‘Why, I am going to tell you,’ said Bounderby, irritably giving his arm to Mrs. Sparsit. ‘If you hadn’t been so mighty particular about the sum, I should have begun to tell you before. You know this lady (for she is a lady), Mrs. Sparsit?’
‘I have already had the honour—’
‘Very well. And this young man, Bitzer, you saw him too on the same occasion?’ Mr. Harthouse inclined his head in assent, and Bitzer knuckled his forehead.
‘Very well. They live at the Bank. You know they live at the Bank, perhaps? Very well. Yesterday afternoon, at the close of business hours, everything was put away as usual. In the iron room that this young fellow sleeps outside of, there was never mind how much. In the little safe in young Tom’s closet, the safe used for petty purposes, there was a hundred and fifty odd pound.’
‘A hundred and fifty-four, seven, one,’ said Bitzer.
‘Come!’ retorted Bounderby, stopping to wheel round upon him, ‘let’s have none of your interruptions. It’s enough to be robbed while you’re snoring because you’re too comfortable, without being put right with your four seven ones. I didn’t snore, myself, when I was your age, let me tell you. I hadn’t victuals enough to snore. And I didn’t four seven one. Not if I knew it.’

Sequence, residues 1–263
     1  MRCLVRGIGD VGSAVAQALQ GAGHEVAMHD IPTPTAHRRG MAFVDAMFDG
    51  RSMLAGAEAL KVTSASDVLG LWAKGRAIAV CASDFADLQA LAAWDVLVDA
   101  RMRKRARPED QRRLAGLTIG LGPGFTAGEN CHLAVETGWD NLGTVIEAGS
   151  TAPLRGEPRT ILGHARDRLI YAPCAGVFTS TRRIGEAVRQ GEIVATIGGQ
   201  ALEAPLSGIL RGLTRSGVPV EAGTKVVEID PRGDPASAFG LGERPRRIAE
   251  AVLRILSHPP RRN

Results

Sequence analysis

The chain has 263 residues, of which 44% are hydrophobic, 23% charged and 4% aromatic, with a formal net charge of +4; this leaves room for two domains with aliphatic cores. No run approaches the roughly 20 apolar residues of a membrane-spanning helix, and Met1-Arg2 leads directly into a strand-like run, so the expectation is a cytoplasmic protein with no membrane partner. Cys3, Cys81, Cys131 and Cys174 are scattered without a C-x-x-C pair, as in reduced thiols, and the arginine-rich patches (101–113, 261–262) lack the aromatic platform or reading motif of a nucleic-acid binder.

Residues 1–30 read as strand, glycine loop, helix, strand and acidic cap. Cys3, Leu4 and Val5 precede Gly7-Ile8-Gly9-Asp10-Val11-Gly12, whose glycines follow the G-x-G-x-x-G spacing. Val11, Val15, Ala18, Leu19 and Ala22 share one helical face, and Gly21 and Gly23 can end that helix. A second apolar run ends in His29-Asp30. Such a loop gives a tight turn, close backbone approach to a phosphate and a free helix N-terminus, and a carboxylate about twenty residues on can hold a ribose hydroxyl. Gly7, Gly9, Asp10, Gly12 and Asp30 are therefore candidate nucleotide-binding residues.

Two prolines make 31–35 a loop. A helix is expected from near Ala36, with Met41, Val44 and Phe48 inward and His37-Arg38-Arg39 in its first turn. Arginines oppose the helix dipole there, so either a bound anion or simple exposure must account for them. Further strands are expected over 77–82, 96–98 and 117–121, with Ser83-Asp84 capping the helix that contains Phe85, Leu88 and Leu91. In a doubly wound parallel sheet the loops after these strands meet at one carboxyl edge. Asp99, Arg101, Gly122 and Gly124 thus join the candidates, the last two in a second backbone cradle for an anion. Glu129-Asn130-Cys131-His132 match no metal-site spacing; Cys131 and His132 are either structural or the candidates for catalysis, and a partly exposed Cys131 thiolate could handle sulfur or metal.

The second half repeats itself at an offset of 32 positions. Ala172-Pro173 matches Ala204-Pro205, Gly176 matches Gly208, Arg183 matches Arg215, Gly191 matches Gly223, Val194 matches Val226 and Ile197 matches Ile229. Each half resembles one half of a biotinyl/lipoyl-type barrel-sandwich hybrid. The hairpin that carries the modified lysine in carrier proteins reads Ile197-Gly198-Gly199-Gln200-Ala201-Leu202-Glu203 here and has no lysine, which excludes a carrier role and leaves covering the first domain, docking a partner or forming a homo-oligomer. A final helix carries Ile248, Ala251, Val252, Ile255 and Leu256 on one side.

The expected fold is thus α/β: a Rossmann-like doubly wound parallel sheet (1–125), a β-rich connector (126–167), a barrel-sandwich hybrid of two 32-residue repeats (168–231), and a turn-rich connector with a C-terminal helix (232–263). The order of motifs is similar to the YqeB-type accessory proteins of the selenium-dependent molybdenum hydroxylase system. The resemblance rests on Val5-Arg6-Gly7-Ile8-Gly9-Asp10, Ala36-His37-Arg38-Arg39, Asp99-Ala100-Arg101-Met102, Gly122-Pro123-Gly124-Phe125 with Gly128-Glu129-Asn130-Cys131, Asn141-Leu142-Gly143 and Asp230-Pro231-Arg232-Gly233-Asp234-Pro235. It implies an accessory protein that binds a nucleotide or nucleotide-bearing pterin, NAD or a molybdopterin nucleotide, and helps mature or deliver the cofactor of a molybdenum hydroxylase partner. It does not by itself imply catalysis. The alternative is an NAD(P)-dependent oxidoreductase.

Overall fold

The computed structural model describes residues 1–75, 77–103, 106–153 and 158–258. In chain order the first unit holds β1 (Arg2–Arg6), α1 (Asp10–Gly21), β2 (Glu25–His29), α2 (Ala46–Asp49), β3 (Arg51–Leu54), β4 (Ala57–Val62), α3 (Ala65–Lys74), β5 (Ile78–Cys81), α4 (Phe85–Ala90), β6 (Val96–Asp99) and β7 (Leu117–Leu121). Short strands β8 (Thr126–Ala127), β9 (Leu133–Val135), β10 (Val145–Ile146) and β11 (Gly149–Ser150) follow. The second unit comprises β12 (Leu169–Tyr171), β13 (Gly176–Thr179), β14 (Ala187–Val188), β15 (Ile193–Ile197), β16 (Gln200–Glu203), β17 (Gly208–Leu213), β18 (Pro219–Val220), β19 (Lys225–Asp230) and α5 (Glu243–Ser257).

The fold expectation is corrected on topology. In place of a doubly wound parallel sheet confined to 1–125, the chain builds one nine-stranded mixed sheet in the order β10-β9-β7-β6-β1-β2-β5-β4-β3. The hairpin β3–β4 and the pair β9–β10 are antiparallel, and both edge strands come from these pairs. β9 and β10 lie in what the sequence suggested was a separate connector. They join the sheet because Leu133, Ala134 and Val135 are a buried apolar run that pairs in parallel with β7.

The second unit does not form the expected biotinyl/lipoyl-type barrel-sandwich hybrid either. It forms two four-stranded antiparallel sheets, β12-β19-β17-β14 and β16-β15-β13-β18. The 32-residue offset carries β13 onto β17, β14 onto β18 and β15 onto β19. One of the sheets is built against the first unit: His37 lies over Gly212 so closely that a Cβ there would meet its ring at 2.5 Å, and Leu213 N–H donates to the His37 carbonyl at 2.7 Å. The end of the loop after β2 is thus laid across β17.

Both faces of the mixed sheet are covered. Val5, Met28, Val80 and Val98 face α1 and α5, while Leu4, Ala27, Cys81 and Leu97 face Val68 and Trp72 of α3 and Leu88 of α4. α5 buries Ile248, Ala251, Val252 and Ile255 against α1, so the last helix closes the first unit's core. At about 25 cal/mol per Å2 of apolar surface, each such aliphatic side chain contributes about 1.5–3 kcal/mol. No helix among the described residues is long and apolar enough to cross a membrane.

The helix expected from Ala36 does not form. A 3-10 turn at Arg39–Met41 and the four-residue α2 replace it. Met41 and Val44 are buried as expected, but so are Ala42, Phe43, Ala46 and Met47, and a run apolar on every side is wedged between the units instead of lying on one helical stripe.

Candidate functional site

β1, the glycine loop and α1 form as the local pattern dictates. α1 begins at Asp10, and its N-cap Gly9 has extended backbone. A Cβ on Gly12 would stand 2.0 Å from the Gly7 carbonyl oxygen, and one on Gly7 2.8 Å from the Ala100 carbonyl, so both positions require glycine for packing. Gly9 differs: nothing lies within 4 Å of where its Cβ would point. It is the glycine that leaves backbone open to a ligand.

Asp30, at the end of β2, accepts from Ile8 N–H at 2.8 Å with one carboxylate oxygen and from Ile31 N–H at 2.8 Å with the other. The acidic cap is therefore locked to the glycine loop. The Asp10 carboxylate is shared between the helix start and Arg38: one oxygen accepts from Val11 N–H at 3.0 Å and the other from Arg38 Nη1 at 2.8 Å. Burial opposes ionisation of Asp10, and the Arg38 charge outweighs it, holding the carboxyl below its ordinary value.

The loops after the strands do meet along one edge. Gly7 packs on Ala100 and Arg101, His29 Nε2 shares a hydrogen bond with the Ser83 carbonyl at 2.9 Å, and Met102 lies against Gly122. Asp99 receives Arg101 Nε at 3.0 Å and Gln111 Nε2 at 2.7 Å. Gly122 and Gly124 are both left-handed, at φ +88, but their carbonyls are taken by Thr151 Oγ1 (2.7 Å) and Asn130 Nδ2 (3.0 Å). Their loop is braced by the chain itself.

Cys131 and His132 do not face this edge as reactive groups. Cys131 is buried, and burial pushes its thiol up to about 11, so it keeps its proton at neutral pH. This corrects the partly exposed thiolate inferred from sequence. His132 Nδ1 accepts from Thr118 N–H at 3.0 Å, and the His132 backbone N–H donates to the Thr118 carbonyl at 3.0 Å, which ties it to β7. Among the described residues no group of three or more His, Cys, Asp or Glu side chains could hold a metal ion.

Bitzer knuckled his forehead again, in a sneaking manner, and seemed at once particularly impressed and depressed by the instance last given of Mr. Bounderby’s moral abstinence.
‘A hundred and fifty odd pound,’ resumed Mr. Bounderby. ‘That sum of money, young Tom locked in his safe, not a very strong safe, but that’s no matter now. Everything was left, all right. Some time in the night, while this young fellow snored—Mrs. Sparsit, ma’am, you say you have heard him snore?’
‘Sir,’ returned Mrs. Sparsit, ‘I cannot say that I have heard him precisely snore, and therefore must not make that statement. But on winter evenings, when he has fallen asleep at his table, I have heard him, what I should prefer to describe as partially choke. I have heard him on such occasions produce sounds of a nature similar to what may be sometimes heard in Dutch clocks. Not,’ said Mrs. Sparsit, with a lofty sense of giving strict evidence, ‘that I would convey any imputation on his moral character. Far from it. I have always considered Bitzer a young man of the most upright principle; and to that I beg to bear my testimony.’